Jeffrey Peterson, Diane M. Ryan and Elise Dykhuis


    34. Leadership and Character Development at the U.S. Naval Academy

    Jeffrey R. Macris, Joseph J. Thomas, Andrew Ledford, Kevin Mullaney and Celeste Raver


    Section 4: Conclusions and Implications


    35. Character Virtue, Social Science, and Leadership: Consequences of Ignoring Practice

    Margaret Beale Spencer


    36. Progress, Challenges, and Promise in Understanding, Measuring, and Educating Character

    Blaine J. Fowers, Lukas F. Novak, Nona C. Kiknadze and Alex C. Calder


    37. Character Development: Then, Now, and Next

    Richard M. Lerner and Michael D. Matthews



    William Damon


    Michael D. Matthews, Ph.D., is Professor of Engineering Psychology at the United States Military Academy. He has been a military psychologist since 1980. In the past 40 years he has served on active duty as an Air Force officer (as a behavioral sciences officer), as a psychology professor at Drury University, as a research psychologist for the Army Research Institute and, since 2000, in his current capacity at West Point.

    Richard M. Lerner, Ph.D. is the Bergstrom Chair in Applied Developmental Science and the Director of the Institute for Applied Research in Youth Development at Tufts University. He went from kindergarten through Ph.D. within the New York City public schools, completing his doctorate at the City University of New York in 1971 in developmental psychology. Lerner has more than 800 scholarly publications, including more than 80 authored or edited books.

    “This modern encyclopedia of character is a treasure. I have immense respect for its editors and authors, as well as the breadth of topics and how they have been organized. Most of all, I love the interdisciplinary approach represented in these two volumes. I know I will turn, again and again, to the chapters in this Handbook for knowledge, wisdom, and inspiration.”

    — Angela Duckworth, CEO of the Character Lab and bestselling author of Grit

    “This Handbook is greatly needed at this time in history when basic principles of honesty and integrity seem to take a backseat to self-interest and personal financial or political gain.”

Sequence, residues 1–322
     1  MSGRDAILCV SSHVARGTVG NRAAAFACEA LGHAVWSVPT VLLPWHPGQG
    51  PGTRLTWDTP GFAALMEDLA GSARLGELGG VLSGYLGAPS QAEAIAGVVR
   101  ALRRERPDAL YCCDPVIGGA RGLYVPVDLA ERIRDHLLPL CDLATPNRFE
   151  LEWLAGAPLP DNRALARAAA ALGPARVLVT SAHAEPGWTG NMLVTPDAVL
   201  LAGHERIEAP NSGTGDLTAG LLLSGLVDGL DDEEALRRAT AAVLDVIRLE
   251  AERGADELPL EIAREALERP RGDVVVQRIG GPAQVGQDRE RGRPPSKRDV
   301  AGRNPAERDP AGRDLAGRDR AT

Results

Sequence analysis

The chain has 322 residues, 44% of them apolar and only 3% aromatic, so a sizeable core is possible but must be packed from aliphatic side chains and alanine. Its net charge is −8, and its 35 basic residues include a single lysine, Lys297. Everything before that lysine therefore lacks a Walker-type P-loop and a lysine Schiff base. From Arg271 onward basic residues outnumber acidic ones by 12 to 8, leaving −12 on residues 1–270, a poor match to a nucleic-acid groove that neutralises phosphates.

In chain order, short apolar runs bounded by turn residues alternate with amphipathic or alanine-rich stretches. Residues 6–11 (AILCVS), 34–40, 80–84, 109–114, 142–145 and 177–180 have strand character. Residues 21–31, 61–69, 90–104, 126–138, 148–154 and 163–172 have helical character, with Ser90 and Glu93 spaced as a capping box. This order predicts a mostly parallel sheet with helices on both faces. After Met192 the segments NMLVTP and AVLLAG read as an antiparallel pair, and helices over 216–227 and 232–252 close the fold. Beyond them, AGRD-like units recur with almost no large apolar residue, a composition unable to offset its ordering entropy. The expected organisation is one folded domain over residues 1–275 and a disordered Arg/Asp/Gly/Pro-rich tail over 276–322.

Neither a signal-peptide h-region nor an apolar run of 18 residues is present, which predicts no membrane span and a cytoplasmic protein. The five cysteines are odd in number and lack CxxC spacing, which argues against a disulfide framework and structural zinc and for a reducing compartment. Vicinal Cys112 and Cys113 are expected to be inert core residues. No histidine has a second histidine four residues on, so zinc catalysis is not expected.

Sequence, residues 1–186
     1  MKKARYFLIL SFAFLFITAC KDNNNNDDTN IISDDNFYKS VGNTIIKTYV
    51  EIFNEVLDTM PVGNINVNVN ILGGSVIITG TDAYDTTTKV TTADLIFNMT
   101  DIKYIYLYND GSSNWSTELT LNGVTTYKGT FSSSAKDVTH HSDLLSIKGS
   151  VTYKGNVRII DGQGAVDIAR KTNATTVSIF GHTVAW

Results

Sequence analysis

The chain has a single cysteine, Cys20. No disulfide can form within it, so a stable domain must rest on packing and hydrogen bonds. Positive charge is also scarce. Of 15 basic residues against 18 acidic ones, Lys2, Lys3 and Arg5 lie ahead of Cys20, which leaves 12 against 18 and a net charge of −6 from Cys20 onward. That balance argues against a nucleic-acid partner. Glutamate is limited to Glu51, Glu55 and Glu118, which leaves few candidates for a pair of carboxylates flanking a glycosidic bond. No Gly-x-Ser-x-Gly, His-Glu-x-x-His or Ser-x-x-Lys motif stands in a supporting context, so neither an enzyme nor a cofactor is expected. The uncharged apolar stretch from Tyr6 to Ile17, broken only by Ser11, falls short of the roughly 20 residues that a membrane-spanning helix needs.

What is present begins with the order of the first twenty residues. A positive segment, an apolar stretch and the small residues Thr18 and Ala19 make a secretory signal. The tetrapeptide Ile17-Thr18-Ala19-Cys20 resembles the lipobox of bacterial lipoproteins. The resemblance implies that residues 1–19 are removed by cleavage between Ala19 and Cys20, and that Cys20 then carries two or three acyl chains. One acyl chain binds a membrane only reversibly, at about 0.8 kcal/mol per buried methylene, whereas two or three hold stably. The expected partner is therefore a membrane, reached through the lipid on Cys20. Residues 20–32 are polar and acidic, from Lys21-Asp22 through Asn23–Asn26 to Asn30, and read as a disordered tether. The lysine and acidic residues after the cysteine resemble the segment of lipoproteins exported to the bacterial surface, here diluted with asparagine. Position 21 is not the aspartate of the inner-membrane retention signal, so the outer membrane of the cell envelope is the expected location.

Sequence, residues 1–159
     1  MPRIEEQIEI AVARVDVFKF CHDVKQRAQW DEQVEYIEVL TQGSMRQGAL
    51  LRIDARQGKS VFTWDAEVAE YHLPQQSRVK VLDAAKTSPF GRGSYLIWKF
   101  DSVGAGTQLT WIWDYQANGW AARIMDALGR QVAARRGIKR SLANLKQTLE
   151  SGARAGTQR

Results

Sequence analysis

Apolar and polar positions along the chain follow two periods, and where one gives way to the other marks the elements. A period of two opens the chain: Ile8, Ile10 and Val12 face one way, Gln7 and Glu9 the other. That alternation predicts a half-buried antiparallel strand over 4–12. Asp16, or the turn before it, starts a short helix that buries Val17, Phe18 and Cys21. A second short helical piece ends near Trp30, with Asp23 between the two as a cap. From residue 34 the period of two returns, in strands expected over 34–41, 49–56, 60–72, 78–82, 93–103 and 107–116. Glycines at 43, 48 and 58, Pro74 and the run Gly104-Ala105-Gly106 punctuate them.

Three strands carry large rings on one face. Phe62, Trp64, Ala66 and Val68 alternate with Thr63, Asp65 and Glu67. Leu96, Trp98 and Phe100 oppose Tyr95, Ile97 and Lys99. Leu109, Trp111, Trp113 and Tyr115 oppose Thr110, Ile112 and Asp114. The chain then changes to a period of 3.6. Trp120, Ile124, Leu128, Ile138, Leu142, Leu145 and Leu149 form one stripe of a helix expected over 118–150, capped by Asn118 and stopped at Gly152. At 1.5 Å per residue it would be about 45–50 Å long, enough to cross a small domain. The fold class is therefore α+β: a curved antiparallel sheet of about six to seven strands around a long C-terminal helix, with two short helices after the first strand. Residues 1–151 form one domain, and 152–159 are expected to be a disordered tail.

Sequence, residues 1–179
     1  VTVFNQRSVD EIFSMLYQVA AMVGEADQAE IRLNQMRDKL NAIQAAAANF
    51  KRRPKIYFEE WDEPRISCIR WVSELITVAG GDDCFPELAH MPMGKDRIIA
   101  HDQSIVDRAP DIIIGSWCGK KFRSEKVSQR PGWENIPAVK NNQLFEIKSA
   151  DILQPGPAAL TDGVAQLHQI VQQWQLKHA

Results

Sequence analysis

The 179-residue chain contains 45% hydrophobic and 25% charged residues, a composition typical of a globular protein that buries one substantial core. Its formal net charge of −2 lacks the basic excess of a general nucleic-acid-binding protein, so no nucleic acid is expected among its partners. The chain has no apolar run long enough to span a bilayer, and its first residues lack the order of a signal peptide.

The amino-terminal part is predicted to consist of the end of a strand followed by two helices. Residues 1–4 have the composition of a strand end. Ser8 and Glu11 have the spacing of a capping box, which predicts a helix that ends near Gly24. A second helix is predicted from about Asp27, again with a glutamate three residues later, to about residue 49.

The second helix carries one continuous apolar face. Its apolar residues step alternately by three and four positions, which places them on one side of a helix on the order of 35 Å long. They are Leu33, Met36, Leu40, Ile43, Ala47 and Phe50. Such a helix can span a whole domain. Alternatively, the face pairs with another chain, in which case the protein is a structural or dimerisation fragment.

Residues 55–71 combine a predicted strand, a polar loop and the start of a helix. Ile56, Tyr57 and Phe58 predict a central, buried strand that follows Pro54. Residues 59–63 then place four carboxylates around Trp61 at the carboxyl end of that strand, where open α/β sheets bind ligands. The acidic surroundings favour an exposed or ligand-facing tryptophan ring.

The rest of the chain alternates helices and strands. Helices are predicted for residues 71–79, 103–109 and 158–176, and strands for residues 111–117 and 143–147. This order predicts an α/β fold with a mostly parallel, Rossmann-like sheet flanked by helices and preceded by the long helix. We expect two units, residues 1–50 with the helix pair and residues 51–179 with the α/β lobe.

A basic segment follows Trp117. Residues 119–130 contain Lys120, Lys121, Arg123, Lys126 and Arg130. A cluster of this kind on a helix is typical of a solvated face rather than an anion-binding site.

— Admiral James Stavridis, U.S. Navy (Retired), former Supreme Allied Commander at NATO and author of To Risk It All: Nine Conflicts and the Crucible of Decision and coauthor of 2034: A Novel of the Next World War

    “This multi-faceted, far-reaching Handbook succeeds on many fronts. It captures the classic concerns of character that sages have examined for centuries and the vibrant contemporary work that scholars are producing at this moment… It has no near equivalent as a resource for anyone wishing to review the present state of knowledge about this most crucial dimension of human life.”

    — William Damon, Director of the Stanford Center on Adolescence and author of The Path to Purpose

    “Matthews and Lerner’s monumental two-volume International Handbook of Multidisciplinary Perspectives on Character Development provides a timely and engrossing compendium of everything you ever wanted to know about character virtues—what they are, what they presage, how and where they are manifest, and how they can best be promoted and nurtured at all ages as well as in all contexts and cultures. The volumes comprise a finely written tour-de-force that will appeal especially to academics, parents, teachers, cultural critics, and those in positions of leadership throughout society even as they underscore how elusive these virtues have become in our fractured world.”

    — Michael E. Lamb, Emeritus Professor of Psychology and Emeritus Fellow, Sidney Sussex College, University of Cambridge

    “Understanding and promoting moral character may seem like gentle, uncontroversial goals. Yet, moral character is under serious threat in the world today, and these goals are as urgent as they’ve ever been. These extravagantly comprehensive volumes draw from virtually all disciplines to provide the best thinking and evidence to guide our efforts to strengthen collective and individual character. As a wonderful bonus, the handbook ends with unique resources on character-infused leadership in military professions and portraits of university-based and other centers for the study and promotion of character.”

    — Anne Colby, author of Educating Citizens and The Power of Ideals

    “To the great credit of the editors, they have taken an interdisciplinary approach to this topic, which is becoming increasingly important in today's world. The result is a highly comprehensive work with up-to-date findings — a vital resource for researchers and practitioners shaping character education worldwide.”

    — Hubert Annen, Head of Military Psychology and Military Pedagogy Studies, Swiss Military Academy at ETH Zurich

    “These knowledgeable and nuanced discussions of important topics from multidisciplinary perspectives of character and virtue will provide graduate students, researchers, and academicians with a valuable overview on a worldwide scale. Excellent resource for scholars at all levels.”

    — Updesh Kumar, Scientist ‘G’ & Head Mental Health Division, DIPR, DRDO, Delhi, India